But aren't there distinctions to be made, even in poetry?
I'm sure there are. What they are, I do not know. I would like to see an exploration of bravery vs. cowardice, avoidance vs. engagement, risk vs. safety. Perhaps this will lead nowhere. But that is how we proceed. To be proven wrong is a great honor. A poem is something that should get you into trouble.
I was going to use my newly acquired audio clip implantation skills to embed this (caution: explicit language, bad spelling and grammar):
But couldn't figure out how to do it.
What does this have to do with poetry. Two suggestions:
1. Write a letter to poetry breaking up with her (or him).
2. Write a poem about the experience of breaking up and making up with poetry.
"If the poet begins to ask us to accept a system of opinions and attitudes, he must manage the task of rigorous thought."
a. T. S. Eliot
b. Yvor Winters
c. George Oppen
d. Geoffrey Hill
e. Carl Rakosi
The most conceptual, radical audio poetry extravaganza of this year has gone up without fanfare at Librivox.org. It looks back to Cocteau's Orphee (and by implication Jack Spicer--is that where he got the radio metaphor from?) and forward to a stringent poetic yet to be explicated. It pulls into its avant sphere Edna St. Vincent Millay, Haiku, and the new New Sentence.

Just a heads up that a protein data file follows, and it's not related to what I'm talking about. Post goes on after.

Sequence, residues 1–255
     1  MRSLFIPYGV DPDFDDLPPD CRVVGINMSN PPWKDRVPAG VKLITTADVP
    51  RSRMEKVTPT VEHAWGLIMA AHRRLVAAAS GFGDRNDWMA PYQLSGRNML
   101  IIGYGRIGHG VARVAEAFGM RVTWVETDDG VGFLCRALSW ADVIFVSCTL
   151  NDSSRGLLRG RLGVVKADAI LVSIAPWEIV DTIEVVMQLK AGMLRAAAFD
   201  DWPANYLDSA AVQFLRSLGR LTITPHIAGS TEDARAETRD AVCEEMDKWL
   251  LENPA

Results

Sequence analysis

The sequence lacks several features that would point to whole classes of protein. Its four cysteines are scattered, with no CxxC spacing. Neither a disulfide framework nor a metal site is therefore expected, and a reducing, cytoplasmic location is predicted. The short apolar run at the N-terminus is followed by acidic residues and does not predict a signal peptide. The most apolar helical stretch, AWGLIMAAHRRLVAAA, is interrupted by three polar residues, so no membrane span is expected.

Here it is:
Sure, Pride and Prejudice and Zombies. What we need are more poems about zombies. Serious poems. With zombies. Suggested titles welcome.
"I should have been a pair of shuffling feet/Shambling through Cherry Hill Mall looking for brains."
"In the gloom the zombies come and go/eating brains like they were jello."
Folks, most of this post will be delayed because of bandwidth problems. But here's the first of the Match the Quotes:
Who said: "I'm interested in concrete poetry, in some attempt to return to the manuscript page, to use the page space, and the technical possibilities."
Welcome to the Vrzhu Saturday Video Clubhouse. We had a couple of vids with Esperanza Spalding not too long ago. Last night,she was the opening act for Diane Reeves at a concert here in DC. So to round that out, let's spin some vinyl featuring the inimitable Diane Reeves: